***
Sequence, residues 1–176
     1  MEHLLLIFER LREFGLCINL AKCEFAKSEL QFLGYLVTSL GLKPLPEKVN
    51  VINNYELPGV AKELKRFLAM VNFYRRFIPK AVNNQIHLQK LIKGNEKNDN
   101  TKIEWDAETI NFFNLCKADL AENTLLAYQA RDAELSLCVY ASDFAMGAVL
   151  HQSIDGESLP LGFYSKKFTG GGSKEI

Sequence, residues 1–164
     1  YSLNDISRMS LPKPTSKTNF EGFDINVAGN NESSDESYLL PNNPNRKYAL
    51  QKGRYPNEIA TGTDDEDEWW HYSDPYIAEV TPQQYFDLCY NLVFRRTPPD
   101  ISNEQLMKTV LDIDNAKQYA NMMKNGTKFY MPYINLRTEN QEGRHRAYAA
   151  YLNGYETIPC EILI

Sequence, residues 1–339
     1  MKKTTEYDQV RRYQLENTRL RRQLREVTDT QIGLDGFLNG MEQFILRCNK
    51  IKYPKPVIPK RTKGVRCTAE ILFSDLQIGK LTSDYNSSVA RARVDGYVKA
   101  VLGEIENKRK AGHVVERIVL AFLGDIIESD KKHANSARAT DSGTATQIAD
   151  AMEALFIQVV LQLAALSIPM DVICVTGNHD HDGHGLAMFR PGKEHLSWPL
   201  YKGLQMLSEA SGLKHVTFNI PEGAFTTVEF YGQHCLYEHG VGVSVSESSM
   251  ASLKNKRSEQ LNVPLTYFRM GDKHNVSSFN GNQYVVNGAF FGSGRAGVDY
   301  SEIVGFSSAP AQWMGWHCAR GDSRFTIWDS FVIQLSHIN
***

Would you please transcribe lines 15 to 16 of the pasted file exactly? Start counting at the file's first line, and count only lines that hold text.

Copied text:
   151  AMEALFIQVV LQLAALSIPM DVICVTGNHD HDGHGLAMFR PGKEHLSWPL
   201  YKGLQMLSEA SGLKHVTFNI PEGAFTTVEF YGQHCLYEHG VGVSVSESSM